I’ve always been instinctively drawn to the misty moors, crumbling castles, and cozy pubs of England. My mom grew up in England, so my childhood was filled with British foods, books and stories. When I visited England for the first time, the sights, sounds and smells were so familiar, that it felt as if I was returning back to a place I had already been. I visited England once with my family when I was a teenager, and then returned briefly again during Brent and I’s trip through Europe. Despite having visited twice, there are still an endless number of cities and places that I’m longing to visit. Here are just a few of the places that are on the list for my next trip (whenever that might be):
The Lake District
This romantic British countryside inspired countless poets, and served as the setting of Beatrix Potter’s famous children’s book, Peter Rabbit. The area is home to some of the largest natural lakes in Britain, and attracts all kinds of outdoorsy types. The time I spent in Wales’ hiker hub, Snowdonia, left me with a deep love for long walks through rolling fields and up scree-covered slopes. I want to fuel myself with a full English breakfast and then get lost wandering around the lakes and mountains of the Lake District. The tourist track through the Lake District is certainly well-beaten in places like Windermere, but it still seems possible to find quiet towns, and more secluded lakes.
Since visiting Llanduduno, a Welsh seaside resort, I’ve completely fallen in love with the atmosphere of British coastal towns. Devon draws me in with its promises of quaint seaside towns and sandy shores in the North and South, National Parks in Dartmoor and Exmoor, as well as medieval architecture in Exeter. The food is a good enough reason alone for me to visit this county. I could try proper Devonshire Tea, which is tea served alongside a scone topped with jam and clotted cream. It would be amazing to take a long train ride, or to stay at one of the idyllic campsites in Devon, to further enjoy the beautiful and varied scenery of this county.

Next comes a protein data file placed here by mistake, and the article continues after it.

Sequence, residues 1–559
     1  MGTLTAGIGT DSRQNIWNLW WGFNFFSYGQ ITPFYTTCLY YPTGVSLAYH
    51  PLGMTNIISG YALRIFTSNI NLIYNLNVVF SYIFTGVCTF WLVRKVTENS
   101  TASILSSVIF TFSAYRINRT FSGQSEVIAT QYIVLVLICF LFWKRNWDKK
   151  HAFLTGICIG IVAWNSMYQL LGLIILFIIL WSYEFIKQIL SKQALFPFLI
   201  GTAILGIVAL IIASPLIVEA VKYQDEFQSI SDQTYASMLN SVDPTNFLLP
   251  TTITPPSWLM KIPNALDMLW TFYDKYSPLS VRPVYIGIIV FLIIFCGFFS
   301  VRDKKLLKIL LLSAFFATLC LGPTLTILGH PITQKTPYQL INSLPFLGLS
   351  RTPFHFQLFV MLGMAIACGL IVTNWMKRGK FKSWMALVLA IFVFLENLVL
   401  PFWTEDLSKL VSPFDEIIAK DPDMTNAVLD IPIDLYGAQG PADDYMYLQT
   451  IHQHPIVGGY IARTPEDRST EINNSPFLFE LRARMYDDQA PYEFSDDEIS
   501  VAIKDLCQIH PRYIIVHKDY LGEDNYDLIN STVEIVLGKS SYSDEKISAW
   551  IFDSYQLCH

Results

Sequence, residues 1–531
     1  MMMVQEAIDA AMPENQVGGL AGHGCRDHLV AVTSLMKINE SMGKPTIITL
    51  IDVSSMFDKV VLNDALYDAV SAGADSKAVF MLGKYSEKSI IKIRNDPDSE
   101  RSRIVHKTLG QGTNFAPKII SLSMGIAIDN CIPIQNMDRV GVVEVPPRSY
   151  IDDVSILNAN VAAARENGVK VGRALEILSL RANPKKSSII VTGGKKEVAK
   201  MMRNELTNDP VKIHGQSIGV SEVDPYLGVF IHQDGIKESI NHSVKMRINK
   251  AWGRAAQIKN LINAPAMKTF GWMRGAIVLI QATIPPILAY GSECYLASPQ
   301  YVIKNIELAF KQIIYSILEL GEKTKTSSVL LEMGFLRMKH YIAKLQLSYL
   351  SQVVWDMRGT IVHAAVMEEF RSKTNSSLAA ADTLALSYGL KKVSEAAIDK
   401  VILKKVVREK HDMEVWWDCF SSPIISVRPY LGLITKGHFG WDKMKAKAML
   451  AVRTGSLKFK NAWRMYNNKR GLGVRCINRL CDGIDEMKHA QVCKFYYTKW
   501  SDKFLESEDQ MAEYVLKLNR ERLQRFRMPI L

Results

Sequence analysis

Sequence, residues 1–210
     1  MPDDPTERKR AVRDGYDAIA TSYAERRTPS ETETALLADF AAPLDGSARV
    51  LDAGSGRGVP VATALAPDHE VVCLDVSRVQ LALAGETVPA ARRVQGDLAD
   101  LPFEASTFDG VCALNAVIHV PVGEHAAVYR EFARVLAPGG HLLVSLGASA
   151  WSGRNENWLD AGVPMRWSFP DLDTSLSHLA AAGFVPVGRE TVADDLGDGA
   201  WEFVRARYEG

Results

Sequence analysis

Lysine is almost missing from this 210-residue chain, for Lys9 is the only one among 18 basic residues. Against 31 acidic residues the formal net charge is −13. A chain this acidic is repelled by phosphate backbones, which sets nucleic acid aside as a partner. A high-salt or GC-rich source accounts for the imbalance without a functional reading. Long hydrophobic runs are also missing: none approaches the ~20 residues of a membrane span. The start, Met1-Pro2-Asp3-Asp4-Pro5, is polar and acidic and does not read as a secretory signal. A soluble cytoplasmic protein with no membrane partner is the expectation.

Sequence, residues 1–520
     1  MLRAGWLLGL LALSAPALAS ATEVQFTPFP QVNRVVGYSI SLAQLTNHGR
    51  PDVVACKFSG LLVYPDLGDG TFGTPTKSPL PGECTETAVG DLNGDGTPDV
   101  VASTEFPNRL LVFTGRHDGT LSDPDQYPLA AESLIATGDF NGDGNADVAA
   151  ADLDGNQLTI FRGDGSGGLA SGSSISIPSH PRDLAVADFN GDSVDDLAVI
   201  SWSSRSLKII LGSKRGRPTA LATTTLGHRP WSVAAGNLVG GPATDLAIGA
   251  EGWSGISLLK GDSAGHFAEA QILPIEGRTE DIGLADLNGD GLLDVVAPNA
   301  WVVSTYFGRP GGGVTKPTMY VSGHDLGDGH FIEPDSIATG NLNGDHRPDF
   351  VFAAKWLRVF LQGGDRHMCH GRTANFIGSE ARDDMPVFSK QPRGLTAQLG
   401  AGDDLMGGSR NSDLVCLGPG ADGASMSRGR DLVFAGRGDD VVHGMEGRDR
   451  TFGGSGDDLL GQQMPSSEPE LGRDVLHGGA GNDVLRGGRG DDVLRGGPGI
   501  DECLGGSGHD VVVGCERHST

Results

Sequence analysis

What can I say? I never cease to be impressed by things that are really big and really old, and Hadrian’s Wall is both. Construction of this 73-mile wall began in 122AD in order “to separate the Romans from the barbarians”. Whenever I see pictures of the stone wall winding through the British countryside, I feel compelled to walk at least part of the Hadrian’s Wall Path. There are associated forts, milecastles and temples found along the length of the wall, as well as small towns and villages where I could stop for a mid-walk pint.
Last New Year’s Eve when we were working at the B&B in Wales, we met 2 women visiting from Liverpool. Like a lot of people, I didn’t know anything about this city beyond the Beatles and Liverpool Football Club, but these women sang its praises so passionately that I’ve wanted to visit ever since. The city is a UNESCO World Heritage Site thanks to its historic waterfront. It is also home to the second largest collection of museums and art galleries in England. Plus, like the two women that we met, Liverpudlians are supposedly exceptional friendly people who love their city almost as much as they love telling people about how wonderful it is. It’s a city that I once never thought about visiting, but now I’m very curious about it.
It’s possible that I’m the only person living in sunny Thailand while daydreaming about countryside walks, and gathering around pub fireplaces. England isn’t on the itinerary at the moment, but who knows what this year has in store?
This article was written in collaboration with Devon holidays specialists Woolacombe.co.uk